As to what he hopes a scholarship recipient will do with that chance, he said, “I hope he enjoys the camaraderie of a team, forms lasting friendships, makes a lot of cool memories, and develops poise, a strong work ethic, and self-discipline. I also hope he seizes every academic and leadership opportunity he finds. In short, I want him to make the most of his years at VMI because, if he does, he’ll give himself an excellent start in life.”

Deal ’12:
Gift Officer Profile

Andrew Deal ’12, VMI Keydet Club vice president, recently worked with Jonathan Wade ’05 in establishing a scholarship. Both are former Keydet baseball players.

“My decision to attend VMI was much like Jon’s,” Deal said. “Baseball was everything to me growing up, and I was incredibly thankful that all my hard work paid off in the form of a scholarship.”

His years as a Keydet—and as a cadet—changed him for the better, Deal said.

“For me, the cadet-athlete experience was life-changing. It molded me into a man,” he said. “It allowed me to grow as a person. It made me tougher, more responsible, more accountable. Being a part of a team is powerful. The lessons you learn, the adversity you go through—and trust me, there is a lot of it—sets you apart.”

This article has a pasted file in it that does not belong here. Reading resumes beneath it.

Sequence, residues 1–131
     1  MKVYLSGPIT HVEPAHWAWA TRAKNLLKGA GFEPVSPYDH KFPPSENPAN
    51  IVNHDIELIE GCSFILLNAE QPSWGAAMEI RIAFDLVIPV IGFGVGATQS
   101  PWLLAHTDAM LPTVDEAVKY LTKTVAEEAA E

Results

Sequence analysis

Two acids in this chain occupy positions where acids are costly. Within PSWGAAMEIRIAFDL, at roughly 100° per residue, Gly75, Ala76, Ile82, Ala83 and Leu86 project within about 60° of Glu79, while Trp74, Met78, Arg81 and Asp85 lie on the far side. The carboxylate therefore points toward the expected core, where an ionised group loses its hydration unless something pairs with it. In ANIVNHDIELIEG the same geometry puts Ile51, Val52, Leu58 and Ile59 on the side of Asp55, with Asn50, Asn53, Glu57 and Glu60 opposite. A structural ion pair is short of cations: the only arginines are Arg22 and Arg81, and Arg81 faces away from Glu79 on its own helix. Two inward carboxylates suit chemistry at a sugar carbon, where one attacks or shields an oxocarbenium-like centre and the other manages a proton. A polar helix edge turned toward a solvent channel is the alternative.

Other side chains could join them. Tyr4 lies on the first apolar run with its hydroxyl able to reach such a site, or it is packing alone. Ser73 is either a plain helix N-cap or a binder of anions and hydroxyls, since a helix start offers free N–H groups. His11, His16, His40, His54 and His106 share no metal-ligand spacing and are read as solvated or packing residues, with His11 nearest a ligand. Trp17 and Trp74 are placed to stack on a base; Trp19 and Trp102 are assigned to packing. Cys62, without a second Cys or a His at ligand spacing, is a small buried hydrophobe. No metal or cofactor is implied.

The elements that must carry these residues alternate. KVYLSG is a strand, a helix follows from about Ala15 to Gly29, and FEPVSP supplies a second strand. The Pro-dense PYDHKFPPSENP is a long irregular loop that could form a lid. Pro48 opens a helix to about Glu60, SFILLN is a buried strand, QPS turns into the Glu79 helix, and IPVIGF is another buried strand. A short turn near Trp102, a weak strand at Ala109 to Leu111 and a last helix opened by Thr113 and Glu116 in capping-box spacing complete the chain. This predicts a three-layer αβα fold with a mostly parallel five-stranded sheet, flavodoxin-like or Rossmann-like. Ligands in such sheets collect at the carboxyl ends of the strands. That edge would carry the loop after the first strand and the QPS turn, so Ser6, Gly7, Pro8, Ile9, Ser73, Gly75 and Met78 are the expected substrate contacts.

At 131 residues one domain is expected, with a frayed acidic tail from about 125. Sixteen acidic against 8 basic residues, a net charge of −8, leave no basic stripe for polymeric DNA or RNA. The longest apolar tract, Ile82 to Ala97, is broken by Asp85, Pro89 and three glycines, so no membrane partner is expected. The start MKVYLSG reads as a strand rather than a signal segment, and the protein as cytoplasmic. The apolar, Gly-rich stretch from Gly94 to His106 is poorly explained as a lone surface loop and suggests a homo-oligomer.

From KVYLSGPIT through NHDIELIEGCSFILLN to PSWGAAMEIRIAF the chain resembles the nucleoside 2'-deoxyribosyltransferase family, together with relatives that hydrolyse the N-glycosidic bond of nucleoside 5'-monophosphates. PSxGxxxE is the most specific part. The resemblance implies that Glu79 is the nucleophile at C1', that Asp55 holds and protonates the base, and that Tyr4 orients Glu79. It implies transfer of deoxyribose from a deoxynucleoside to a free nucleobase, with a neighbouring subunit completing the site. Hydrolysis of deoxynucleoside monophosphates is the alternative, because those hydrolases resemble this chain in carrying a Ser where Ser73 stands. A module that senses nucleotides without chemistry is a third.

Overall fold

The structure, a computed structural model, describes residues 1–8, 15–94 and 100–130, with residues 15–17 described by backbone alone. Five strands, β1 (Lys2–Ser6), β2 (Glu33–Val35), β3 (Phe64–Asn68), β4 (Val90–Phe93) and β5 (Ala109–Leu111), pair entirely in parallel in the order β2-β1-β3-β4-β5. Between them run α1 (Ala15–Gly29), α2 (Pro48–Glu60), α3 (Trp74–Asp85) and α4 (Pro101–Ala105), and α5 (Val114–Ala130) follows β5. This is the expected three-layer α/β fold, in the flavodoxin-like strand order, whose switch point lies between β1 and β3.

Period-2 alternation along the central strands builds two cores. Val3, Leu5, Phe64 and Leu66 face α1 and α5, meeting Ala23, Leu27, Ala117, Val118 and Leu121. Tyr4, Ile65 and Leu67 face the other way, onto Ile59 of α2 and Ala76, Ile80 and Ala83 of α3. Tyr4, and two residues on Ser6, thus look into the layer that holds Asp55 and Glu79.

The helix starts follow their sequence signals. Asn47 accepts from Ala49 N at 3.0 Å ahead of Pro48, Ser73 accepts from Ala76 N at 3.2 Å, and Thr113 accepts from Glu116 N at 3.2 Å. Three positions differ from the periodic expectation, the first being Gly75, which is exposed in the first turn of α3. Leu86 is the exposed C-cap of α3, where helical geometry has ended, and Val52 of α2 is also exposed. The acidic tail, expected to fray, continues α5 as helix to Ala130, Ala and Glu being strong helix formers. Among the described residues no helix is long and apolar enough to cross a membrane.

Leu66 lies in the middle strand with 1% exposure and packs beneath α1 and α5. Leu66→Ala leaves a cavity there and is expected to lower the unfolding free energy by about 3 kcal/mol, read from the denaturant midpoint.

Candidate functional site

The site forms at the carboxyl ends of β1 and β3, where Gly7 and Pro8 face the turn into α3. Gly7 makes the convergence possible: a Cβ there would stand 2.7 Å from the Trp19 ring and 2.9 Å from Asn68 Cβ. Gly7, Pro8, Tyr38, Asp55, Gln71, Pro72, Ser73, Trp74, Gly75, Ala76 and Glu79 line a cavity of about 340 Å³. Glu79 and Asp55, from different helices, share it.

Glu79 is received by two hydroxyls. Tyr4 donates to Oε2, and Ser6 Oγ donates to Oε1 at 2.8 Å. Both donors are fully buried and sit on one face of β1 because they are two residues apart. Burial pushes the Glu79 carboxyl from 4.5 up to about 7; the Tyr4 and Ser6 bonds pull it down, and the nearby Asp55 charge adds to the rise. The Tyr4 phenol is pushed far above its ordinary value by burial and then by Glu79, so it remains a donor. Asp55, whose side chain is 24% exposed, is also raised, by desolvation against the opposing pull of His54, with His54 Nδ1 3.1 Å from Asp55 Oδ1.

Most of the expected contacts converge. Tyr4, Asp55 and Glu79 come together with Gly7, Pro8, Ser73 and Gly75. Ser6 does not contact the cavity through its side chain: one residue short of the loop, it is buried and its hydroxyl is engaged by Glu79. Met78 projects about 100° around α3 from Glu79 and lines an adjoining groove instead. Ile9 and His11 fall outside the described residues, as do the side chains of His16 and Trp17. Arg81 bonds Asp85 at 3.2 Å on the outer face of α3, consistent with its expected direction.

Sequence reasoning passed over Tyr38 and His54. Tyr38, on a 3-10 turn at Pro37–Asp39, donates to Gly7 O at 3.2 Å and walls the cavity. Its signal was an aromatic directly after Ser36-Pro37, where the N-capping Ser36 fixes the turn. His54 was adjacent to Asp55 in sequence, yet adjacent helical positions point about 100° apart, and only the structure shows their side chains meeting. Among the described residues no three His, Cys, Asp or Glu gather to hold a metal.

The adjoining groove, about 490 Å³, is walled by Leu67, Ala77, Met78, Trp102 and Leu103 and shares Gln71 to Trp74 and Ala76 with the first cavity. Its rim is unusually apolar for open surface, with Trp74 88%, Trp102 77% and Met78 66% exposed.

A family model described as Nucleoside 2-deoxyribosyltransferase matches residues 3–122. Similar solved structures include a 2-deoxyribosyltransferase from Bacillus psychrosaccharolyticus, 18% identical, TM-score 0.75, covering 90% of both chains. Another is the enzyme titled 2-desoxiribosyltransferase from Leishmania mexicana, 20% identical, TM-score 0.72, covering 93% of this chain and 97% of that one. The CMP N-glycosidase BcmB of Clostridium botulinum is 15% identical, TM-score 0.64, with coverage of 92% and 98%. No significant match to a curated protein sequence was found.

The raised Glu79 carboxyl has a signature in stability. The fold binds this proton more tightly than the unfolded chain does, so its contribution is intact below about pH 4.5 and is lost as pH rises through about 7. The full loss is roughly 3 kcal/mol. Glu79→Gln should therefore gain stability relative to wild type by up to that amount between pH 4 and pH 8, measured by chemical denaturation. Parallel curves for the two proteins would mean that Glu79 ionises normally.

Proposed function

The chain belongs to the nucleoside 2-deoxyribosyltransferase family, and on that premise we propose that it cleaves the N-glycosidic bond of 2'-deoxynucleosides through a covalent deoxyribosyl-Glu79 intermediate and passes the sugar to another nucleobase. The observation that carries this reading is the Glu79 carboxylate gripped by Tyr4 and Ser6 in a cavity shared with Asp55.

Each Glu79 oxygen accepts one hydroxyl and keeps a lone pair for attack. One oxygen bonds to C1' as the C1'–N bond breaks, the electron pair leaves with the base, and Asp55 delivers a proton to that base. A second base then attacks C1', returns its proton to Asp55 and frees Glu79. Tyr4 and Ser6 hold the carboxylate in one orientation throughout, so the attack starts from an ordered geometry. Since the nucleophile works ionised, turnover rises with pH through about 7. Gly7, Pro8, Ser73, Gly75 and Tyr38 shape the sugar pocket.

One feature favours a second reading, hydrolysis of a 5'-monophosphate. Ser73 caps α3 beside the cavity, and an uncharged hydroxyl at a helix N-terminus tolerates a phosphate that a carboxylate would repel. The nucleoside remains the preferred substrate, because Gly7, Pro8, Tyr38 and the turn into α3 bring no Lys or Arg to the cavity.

In his current position, he sees the tremendous support the VMI family has for cadets. And, Deal never forgets the support he received from someone who came before him.

“I will be forever grateful to Elmon T. Gray ’46, who established the scholarship I received. Working for nine years at the VMI Keydet Club has been eye-opening and rewarding,” Deal said. “I wish every cadet could sit in my chair and see the powerful support from our alumni and friends and how it continues to make the VMI experience special.”

Collaborating with Wade to make his idea a reality was “a pleasure,” Deal said. “For me, a former baseball player, it was amazing to realize the impact it will have on the program. I certainly hope that the way he stepped up will encourage others to do the same.”

  • Scott Belliveau

    Scott Belliveau '83 Communications Officer - Executive Projects

    The communications officer supports the strategy for all communications, including web content, public relations messages and collateral pieces in order to articulate and promote the mission of the VMI Alumni Agencies and promote philanthropy among varied constituencies.